Well, I was wrong to imagine that once again the Europeans would fail to thrive outside their own continent; though I was perhaps more on the money when I picked the Dutch as my dark horses.
The Latin Americans flattered to deceive in the early stages of this Mundial. They were playing the more exciting attacking football (Germany excepted), but none of them had actually overcome higher ranking opposition before they were eliminated.
The Germans go into today's semi-final with even their famous psychic octopus having deserted them. (Joachim Löw still has his lucky blue sweater though.)
Spain were the tournament favourites a month ago, but a succession of teams have demonstrated how easy it can be to thwart them simply by staying in their own half.
Therein lies the problem for the Krouts, who have reached this stage by counter-attacking against reckless teams with suspect back lines; and in the case of England and Argentina, teams without a professional defence in the normal sense of the term. Surely the same set of tactics won't work against the European champions?
This match has the makings of a classic. As for the final, those of us hoping for a blood and guts encounter are probably going to have to hope the Germans triumph today.
My earliest World Cup memories are of the latter stages of the 1974 tournament which were graced by the wondrous Dutch team of Johan Cruyff et al. Then, heartbreakingly, total football was taken down by the Germans in the Munich final.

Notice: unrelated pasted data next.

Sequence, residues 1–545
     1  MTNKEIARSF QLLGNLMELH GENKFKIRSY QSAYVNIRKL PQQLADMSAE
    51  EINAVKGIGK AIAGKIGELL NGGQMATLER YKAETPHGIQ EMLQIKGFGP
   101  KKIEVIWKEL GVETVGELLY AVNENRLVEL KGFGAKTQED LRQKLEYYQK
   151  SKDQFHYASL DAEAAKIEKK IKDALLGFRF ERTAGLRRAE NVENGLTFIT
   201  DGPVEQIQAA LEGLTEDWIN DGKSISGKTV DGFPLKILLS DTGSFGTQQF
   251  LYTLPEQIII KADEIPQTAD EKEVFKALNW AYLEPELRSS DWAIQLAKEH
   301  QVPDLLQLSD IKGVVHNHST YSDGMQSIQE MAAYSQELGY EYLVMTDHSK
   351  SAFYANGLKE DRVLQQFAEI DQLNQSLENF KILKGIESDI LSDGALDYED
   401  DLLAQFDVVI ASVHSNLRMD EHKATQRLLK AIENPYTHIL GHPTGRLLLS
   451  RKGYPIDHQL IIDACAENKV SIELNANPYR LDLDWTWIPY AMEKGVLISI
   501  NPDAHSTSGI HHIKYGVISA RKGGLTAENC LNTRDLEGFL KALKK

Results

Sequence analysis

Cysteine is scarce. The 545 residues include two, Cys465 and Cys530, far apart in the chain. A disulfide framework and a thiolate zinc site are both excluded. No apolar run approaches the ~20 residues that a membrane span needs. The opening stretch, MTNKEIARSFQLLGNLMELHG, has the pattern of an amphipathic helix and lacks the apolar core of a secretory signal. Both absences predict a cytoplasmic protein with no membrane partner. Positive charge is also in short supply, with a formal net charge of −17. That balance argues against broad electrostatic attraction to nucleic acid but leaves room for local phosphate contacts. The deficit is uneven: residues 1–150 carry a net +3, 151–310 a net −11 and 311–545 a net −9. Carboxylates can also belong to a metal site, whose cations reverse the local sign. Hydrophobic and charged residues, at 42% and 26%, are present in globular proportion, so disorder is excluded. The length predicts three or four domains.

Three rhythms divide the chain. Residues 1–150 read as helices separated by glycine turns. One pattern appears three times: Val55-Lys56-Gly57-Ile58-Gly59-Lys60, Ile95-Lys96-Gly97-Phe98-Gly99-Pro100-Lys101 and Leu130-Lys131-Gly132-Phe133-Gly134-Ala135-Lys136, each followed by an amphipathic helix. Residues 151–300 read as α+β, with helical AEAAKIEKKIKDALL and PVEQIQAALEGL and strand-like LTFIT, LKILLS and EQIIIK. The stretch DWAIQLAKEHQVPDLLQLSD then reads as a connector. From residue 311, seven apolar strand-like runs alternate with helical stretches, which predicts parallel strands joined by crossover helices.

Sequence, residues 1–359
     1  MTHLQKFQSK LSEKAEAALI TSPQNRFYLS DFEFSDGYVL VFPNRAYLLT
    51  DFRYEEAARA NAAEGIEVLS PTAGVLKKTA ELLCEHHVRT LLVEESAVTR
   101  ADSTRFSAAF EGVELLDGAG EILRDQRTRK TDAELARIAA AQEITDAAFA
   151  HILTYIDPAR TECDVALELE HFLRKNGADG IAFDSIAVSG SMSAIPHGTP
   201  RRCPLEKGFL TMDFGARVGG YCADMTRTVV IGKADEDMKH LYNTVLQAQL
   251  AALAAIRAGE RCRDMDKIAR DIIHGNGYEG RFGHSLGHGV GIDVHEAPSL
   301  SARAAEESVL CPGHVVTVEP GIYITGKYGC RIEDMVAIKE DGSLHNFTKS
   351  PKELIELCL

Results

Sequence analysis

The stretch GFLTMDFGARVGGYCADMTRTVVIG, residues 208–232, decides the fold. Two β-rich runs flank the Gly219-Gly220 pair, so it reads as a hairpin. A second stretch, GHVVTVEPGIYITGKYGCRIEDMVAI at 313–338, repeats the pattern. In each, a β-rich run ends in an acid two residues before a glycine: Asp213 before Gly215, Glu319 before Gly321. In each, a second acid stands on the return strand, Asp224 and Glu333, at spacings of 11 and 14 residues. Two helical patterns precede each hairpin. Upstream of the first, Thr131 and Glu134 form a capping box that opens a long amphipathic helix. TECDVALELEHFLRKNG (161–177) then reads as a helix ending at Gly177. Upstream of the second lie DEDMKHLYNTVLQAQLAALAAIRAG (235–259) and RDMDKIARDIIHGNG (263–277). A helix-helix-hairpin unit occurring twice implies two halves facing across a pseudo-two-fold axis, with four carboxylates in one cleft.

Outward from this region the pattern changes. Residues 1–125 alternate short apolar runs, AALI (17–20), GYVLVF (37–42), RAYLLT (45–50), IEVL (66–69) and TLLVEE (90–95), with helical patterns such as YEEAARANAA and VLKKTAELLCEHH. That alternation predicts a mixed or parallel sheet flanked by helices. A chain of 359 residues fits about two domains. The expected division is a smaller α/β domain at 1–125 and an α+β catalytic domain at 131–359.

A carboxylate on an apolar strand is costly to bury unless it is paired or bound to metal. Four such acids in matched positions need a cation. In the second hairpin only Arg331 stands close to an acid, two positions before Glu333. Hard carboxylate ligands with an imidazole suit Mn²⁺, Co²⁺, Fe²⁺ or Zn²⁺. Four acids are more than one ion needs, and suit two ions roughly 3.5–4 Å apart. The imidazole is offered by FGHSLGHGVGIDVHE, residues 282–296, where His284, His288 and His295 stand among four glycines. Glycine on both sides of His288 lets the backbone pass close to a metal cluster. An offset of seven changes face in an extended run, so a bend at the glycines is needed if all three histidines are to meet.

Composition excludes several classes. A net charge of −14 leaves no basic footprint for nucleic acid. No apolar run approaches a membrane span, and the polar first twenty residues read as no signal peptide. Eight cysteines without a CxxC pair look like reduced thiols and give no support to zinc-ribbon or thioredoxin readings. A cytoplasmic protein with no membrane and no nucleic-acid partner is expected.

Four years later the Dutch lost again in the Buenos Aires final to an Argie team that shouldn't even have been there: the junta led by Videla is widely believed to have bribed the government of Peru to make their team lose 0-6, thus permitting the hosts to advance to the final on goal difference ahead of Brazil. Cruyff didn't even turn up to that World Cup, in protest against the dictatorship and its practice of chucking people out the back of aeroplanes over the South Atlantic.
Now they've made it to the final once again, quite against the expectations of their own FA who have been desperately seeking new hotel accommodation this week. It's not a particularly loveable Holland eleven: they tend to win ugly as the Americans say. Indeed, in doing so they also tend to play ugly and in a number of notable cases, even look ugly. But with that win over the last of the Latins in the semis, Holland has now set a new record of 14 consecutive World Cup victories through qualification and the main event.
A Germany v Holland final would be tasty because of all the historical baggage, both on and off the football pitch...a proper hate match along the lines of Brazil v Argentina or indeed, Guatemala v Mexico.
Two years ago the Germans almost thwarted the Spanish in the final of Euro2008. On that day the Spanish needed Fernando Torres playing at his best to break the deadlock, something they are unlikely to be able to count on tonight. Their best hope is that the Germans refuse to imitate the approach of the other bus-parkers they've come across in South Africa and give them an open game in which their midfield can ticky-tack the ball around joyfully until David Villa pops up to score one of his super goals.
Holland are often referred to as the greatest footballing nation never to have won the World Cup, though the Spanish might disagree with that. In my lifetime the competition has only been won twice by a team that wasn't a previous champion: Argentina in '78 and France in '98, both host nations. Enough has been said about how the Argies achieved their first victory. The French didn't cheat, but they had some spectacular luck along the way. It would be nice to have a new name on the list of world champions next Sunday evening, but if the Germans end up winning, you'd have to say that they've done so on merit.